7 New Ways to Cook with Pumpkin

If you're sick of the pumpkin spice latte craze, you're not alone. Coffee and pie aren't the only ways to get your pumpkin fill this season. Clever Cookstr has 7 new ways to use pumpkin in your kitchen.

Kara Rota
4-minute read
Episode #20

Welcome to the Clever Cookstr, your ultimate window into the kitchens of the world’s best cooks. 

In today’s episode, we’re going to talk about the ingredient that’s become pretty much synonymous with fall: pumpkin.

I know the pumpkin spice phenomenon is getting a bit out of control, but let’s face it: there’s a reason people are so enthused. It smells good, it tastes good, and it just feels like autumn. So today, we’re going to talk about 7 different ways to cook with pumpkin – beyond a pie or a latte.  


Pumpkin for Breakfast? Absolutely!

You don’t have to put pumpkin in your coffee to start your day on a festive fall note. How about a pumpkin-packed breakfast? Yes, you can easily add a tasty pumpkin flavor to your pancakes and waffles.  

Here's how:

Preheat the waffle iron if you’re using one. You’ll want to start with your standard 2 cups of flour, mix in 2 ½ teaspoons of baking powder, and about ½ teaspoon of salt. If you like really sweet breakfasts, add ¼ cup of sugar to the dry mix – if you prefer all the sweetness to come from the syrup, add less sugar or none at all. Feel free to add cinnamon, nutmeg, maybe a little ground ginger—spice up the dry mix all you want. 

Then in a separate bowl, mix 1 ½  cups of milk, 3 eggs, and about a tablespoon of vanilla extract together with a whisk. I always put in extra vanilla, but that’s just me. Melt a stick of butter and whisk that into the wet ingredients. For people who are very serious about fluffy waffles, you probably want to separate your eggs and beat the egg whites until they start to get those stiff peaks.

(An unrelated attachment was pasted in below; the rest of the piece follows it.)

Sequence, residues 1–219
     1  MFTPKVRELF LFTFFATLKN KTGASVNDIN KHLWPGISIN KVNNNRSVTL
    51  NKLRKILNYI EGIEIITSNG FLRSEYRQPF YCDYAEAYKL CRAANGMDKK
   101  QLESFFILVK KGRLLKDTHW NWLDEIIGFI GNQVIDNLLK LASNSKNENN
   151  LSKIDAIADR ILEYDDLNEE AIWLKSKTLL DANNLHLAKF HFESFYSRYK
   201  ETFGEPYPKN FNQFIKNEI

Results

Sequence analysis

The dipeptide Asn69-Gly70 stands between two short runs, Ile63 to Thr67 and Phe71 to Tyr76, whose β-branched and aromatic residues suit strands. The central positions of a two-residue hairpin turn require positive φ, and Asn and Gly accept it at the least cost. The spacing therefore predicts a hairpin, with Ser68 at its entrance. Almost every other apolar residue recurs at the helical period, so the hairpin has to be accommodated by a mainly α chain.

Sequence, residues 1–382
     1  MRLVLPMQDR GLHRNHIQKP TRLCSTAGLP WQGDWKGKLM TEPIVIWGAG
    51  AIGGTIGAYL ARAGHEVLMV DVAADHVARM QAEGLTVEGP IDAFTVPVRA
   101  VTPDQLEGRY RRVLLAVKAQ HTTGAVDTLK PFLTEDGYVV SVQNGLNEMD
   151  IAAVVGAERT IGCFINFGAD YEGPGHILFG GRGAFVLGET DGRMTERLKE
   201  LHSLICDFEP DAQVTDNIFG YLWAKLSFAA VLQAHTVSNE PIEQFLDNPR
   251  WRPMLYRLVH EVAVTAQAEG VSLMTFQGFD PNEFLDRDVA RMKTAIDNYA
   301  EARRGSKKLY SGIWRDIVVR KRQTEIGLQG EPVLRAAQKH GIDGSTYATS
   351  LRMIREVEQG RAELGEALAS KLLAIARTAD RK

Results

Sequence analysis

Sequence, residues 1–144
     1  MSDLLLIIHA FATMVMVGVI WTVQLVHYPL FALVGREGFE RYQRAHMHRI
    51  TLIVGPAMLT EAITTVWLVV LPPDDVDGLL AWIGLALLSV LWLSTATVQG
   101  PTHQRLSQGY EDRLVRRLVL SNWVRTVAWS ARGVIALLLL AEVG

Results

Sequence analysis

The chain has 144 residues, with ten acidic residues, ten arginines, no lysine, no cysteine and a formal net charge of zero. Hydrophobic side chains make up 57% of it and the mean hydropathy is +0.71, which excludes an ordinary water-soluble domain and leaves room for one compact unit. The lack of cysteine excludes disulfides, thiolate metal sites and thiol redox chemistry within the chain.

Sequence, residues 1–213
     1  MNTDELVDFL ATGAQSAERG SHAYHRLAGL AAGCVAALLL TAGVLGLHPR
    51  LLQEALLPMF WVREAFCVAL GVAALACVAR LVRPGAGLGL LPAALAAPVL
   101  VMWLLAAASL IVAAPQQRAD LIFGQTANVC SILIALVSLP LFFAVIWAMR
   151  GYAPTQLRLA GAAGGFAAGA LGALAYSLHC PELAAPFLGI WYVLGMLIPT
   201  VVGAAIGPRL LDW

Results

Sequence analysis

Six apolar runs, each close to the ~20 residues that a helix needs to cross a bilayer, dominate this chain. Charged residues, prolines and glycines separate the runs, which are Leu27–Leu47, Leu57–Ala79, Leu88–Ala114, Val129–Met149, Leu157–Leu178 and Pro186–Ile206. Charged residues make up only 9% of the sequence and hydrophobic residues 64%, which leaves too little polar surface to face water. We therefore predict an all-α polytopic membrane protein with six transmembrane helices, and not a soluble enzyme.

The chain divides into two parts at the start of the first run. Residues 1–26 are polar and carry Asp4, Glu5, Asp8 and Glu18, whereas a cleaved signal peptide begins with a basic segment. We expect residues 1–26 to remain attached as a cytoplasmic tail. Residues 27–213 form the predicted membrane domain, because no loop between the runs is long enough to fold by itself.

If you want to be a little lazy and if you’re making me breakfast, then skip it and I’m probably not going to complain. So in with the wet ingredients, you’re going to whisk about a cup of pumpkin – plain canned pumpkin puree will work just fine. Make sure you’re not using pumpkin pie filling – that has a lot of extra sugar in it.

Add the wet ingredients into the dry and fold them together just enough to combine—when making pancakes you want to make sure you err on the side of leaving the batter a little lumpy rather than overmixing it. Overmixing gets you those rubbery pancakes where you’re just left wondering "What did I do wrong?" Well, that’s what you did wrong, you overmixed it.

So you’re not going to overmix and you’re going to make a really gorgeous stack of pumpkin pancakes or waffles. Serve them with regular syrup, pumpkin syrup, pumpkin butter, pumpkin whipped cream…go crazy. 

And while we’re talking about breakfast, pumpkin puree is really good in smoothies, too! With a frozen banana, some coconut milk, peanut butter, chia seeds if you’re into that, some cinnamon, and vanilla extract – basically it's like frozen pumpkin pie in a glass, so there’s really a lot to love there. 

And now for something a bit more savory......


About the Author

Kara Rota

Kara Rota headed children’s programming at Chicago’s Green City Market and studied food politics at Sarah Lawrence College. Kara has been a featured speaker at numerous venues including Food Book Fair, the Roger Smith Food Conference, and the Brooklyn Food Conference. She has written about food for Irish America Magazine, West Side Rag, Recipe Relay, and Food + Tech Connect, and is the former Director of Editorial & Partnerships at Cookstr.com.